Top

Figure
Tables

Top

Cite This Article

DOI: 10.3201/eid2808.212375

Original Publication Date: July 13, 2022

1Current affiliation: Yale University, New Haven, Connecticut, USA.

Table of Contents – Volume 28, Number 8—August 2022

EID Search Options
presentation_01 Advanced Article Search – Search articles by author and/or keyword.
presentation_01 Articles by Country Search – Search articles by the topic country.
presentation_01 Article Type Search – Search articles by article type and issue.

Top

Comments

Please use the form below to submit correspondence to the authors or contact them at the following address:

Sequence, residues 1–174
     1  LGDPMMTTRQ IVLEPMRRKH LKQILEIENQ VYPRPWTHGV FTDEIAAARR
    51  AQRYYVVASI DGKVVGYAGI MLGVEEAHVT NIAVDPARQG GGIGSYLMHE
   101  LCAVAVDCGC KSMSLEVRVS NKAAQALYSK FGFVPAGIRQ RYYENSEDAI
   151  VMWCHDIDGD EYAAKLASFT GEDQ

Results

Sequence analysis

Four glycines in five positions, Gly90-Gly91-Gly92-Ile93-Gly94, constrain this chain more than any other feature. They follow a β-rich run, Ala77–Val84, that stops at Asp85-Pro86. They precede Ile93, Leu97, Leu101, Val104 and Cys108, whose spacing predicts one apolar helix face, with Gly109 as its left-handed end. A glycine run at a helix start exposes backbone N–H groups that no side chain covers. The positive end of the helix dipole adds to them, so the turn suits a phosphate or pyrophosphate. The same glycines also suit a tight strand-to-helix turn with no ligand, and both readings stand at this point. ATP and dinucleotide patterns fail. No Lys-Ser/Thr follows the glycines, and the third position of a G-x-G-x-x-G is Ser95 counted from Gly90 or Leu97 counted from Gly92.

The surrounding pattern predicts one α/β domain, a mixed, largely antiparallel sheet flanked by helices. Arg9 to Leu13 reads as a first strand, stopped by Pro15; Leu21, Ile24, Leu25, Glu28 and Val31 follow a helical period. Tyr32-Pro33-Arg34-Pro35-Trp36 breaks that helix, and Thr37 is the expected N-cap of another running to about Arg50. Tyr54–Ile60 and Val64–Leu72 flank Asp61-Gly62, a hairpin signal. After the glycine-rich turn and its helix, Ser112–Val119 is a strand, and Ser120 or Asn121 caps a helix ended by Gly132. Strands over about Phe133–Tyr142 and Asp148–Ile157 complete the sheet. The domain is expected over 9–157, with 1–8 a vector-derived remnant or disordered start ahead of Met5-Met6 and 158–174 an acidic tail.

D. Rebecca Prevots, NIAID, NIH, Rm 7D10, 5601 Fishers Ln, Rockville, MD 20892, USA

Send To

10000 character(s) remaining.

Top

Page created: June 03, 2022
Page updated: July 20, 2022
Page reviewed: July 20, 2022
The conclusions, findings, and opinions expressed by authors contributing to this journal do not necessarily reflect the official position of the U.S. Department of Health and Human Services, the Public Health Service, the Centers for Disease Control and Prevention, or the authors' affiliated institutions. Use of trade names is for identification only and does not imply endorsement by any of the groups named above.
file_external